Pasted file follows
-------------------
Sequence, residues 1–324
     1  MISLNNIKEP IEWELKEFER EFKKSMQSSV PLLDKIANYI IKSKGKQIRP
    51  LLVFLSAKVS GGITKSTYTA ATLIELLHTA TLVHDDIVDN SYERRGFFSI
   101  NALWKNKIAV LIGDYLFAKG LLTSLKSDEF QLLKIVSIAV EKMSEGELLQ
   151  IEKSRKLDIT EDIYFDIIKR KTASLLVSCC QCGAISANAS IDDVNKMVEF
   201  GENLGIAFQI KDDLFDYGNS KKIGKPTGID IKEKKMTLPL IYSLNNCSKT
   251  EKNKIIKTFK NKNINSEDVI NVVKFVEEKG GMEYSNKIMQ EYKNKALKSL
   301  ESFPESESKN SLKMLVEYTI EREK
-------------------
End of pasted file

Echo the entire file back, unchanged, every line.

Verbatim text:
Sequence, residues 1–324
     1  MISLNNIKEP IEWELKEFER EFKKSMQSSV PLLDKIANYI IKSKGKQIRP
    51  LLVFLSAKVS GGITKSTYTA ATLIELLHTA TLVHDDIVDN SYERRGFFSI
   101  NALWKNKIAV LIGDYLFAKG LLTSLKSDEF QLLKIVSIAV EKMSEGELLQ
   151  IEKSRKLDIT EDIYFDIIKR KTASLLVSCC QCGAISANAS IDDVNKMVEF
   201  GENLGIAFQI KDDLFDYGNS KKIGKPTGID IKEKKMTLPL IYSLNNCSKT
   251  EKNKIIKTFK NKNINSEDVI NVVKFVEEKG GMEYSNKIMQ EYKNKALKSL
   301  ESFPESESKN SLKMLVEYTI EREK